Global Horizons Mohy-Dean Tabbara

Celebrities: An Evolving Class of Diplomats

Diplomacy has been an esoteric discipline for millennia, reserved for statesmen and their envoys. While the customs and traditions varied, the world of diplomacy was rarely- if ever- shared with the general population. The rise of mass media brought an end to that, increasing the importance of ‘public diplomacy’, the public’s ability to influence a state’s foreign policies. Through this phenomenon, a new class of ‘diplomats’ emerged: celebrity diplomats. Beginning with radio, their popularity has increased exponentially with more and more ways to see them, hear them, and read about them. The rise of the Internet provided an explosion of their fan base to a worldwide scale. Still, while they have been an effective means to increase awareness of necessary philanthropic causes, their lack of real accountability has sometimes led them to promote ethically dubious policies.

Celebrity Diplomats: Good-will Ambassadors
Since the establishment of the position in 1962, a large number of celebrities have been given the title of “good-will ambassador” by the United Nations (UN). In his book Celebrity Diplomacy, Andrew F. Cooper explains that it was only in the 1980s with the rise of entertainment news that these roles have been mediated across the globe to a wide audience. The UN has been using celebrities to propagate a greater awareness of the UN institution and the causes its various branches have been promoting.

In the recent web 2.0 era, the connection of celebrities with their fan base has grown even larger. Celebrities now have a platform to directly engage their audience and communicate with them on a regular basis. The diplomatic corps has had trouble building its base of followers whereas the celebrities have one ready-made. In a certain way, the celebrities partially serve as intermediaries between the diplomats and the public.

The role of the celebrity has also drastically changed over time. A clear dichotomy between Audrey Hepburn and Angelina Jolie serves as a recent example. The first major change is the type of work: Hepburn was much more involved in activities regarding children in Africa whereas Jolie mostly goes to warzones and visits refugees all over the world. The range of activities seems to have expanded geographically and in its level of peril. The second, according to Cooper, is the blurring of the line between the celebrities’ private and public lives. When Hepburn was partaking in these missions she had retired from her original profession, unlike Jolie who is still juggling diplomacy and acting.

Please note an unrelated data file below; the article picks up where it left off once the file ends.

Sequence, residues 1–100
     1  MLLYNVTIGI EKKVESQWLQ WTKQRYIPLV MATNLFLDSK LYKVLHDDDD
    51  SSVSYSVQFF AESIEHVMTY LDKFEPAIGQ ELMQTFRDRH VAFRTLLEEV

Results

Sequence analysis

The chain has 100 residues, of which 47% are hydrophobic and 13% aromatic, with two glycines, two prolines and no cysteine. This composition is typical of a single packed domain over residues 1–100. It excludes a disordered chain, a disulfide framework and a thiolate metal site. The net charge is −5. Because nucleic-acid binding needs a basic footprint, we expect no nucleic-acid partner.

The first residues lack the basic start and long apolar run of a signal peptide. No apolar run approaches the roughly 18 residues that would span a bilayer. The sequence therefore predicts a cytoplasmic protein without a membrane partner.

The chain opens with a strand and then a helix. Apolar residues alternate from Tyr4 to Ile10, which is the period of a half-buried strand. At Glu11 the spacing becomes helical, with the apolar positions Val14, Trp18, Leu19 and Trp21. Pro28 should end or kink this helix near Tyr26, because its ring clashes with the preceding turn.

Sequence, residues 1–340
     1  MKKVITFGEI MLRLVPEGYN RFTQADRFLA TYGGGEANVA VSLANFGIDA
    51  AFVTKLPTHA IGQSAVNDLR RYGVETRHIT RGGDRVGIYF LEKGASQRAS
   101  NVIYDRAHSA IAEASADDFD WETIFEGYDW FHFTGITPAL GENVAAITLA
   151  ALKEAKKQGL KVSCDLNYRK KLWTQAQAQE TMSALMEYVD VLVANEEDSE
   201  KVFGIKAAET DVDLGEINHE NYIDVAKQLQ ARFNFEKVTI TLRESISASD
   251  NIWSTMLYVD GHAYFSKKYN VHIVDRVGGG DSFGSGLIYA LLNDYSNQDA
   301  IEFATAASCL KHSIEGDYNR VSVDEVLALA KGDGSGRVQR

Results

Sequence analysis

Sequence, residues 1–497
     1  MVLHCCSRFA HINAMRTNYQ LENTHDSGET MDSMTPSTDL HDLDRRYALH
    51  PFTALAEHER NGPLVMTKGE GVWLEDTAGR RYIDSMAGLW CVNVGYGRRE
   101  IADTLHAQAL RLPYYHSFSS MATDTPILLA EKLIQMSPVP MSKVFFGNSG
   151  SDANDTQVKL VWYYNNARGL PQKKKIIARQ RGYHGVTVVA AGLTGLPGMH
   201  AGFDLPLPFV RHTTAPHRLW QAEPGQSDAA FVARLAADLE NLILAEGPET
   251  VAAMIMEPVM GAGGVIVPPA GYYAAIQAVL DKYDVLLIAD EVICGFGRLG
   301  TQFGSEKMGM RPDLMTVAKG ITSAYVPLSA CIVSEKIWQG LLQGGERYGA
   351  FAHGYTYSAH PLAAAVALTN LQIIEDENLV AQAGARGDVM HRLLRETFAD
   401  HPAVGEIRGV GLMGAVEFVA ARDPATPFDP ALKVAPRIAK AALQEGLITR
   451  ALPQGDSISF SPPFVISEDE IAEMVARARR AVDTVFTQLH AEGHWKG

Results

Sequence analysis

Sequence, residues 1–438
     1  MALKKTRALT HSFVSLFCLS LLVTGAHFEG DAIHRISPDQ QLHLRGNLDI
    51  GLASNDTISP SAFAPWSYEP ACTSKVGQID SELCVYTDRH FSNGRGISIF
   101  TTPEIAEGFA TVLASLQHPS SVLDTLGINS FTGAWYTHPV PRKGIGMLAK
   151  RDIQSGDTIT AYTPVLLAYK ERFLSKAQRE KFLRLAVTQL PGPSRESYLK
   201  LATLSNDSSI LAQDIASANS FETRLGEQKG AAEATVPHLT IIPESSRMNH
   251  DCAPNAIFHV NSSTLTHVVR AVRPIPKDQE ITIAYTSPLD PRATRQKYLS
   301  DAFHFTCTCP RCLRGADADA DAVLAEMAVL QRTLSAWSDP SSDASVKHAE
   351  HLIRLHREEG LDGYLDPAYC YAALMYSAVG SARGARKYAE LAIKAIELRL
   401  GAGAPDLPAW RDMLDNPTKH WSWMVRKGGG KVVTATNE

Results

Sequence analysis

It seems that the digital revolution has greatly affected the role of celebrities in the world of diplomacy. With large followings and numerous platforms, celebrities are incrementally capable of diffusing awareness for their cause and/or the institution they represent, in a more direct and effective way. Their role as mediators between the diplomatic sphere and the public seems to have accentuated in the era of ‘public diplomacy 2.0.’

Unintended Celebrity Diplomacy
Nowadays, social media has become popular in engaging in public diplomacy. With platforms boasting hundreds of millions or even billions of subscribers, they have become an efficient means of propagating information. Celebrities, businesses, politicians, even embassies have used twitter to reach a broader audience.

With over 32.6 million twitter followers (14th in the world), reality star Kim Kardashian recently engaged in public diplomacy, whether she intended it or not, by associating herself with the Kingdom of Bahrain. She tweeted the following: “Inshallah next week I head to Kuwait and Bahrain with my friend[…]Time to set the record straight so excited about this trip!” (November 29th 2012) and “Thanks Sheikh Khalifa for your amazing hospitality. I’m in love with the Kingdom of Bahrain” (December 1st 2012) along with more than five other tweets referencing Bahrain in a positive light. This came at a time when the Kingdom of Bahrain was struggling with mass protests.

Kardashian poses in Bahrain


According to Mark Lynch: “Kardashian, much like April’s controversial Formula One race, generated positive publicity for a Bahraini regime which carried out an unspeakably brutal crackdown last year“. It is dubious to ask if Kim can be held responsible for spreading positive publicity for Bahrain unless it is assumed that she was perfectly aware of the political situation in the small Middle Eastern island state.

The voices and political credibility of celebrities has reached such heights that they are often seen as representatives of countries or institutions. Kim Kardashian never stated that she was representing a state or a specific organization. Nevertheless, this type of behavior by uninformed celebrities could lead to unrest and even violence (a protest against Kardashian was organized in El Manama).

The probability of such an event occurring in the future seems to be quite high: A significant number of celebrities have followings that exceed the populations of many states, and there is a complete lack of filter on the information they release onto the world.

Mohy-Dean Tabbara
Mohy-Dean Tabbara is a recent graduate from McGill University with a BA (Honours) in political science and a minor in economics. He has previous experience working as a Research Intern at Carnegie Endowment's Middle East Center in Beirut (Lebanon), as well as working as an editor at McGill's Journal of Political Studies. Mohy's interests include security sector reform, institution building, and democratization theory, particularly in the context of the Middle East and North Africa.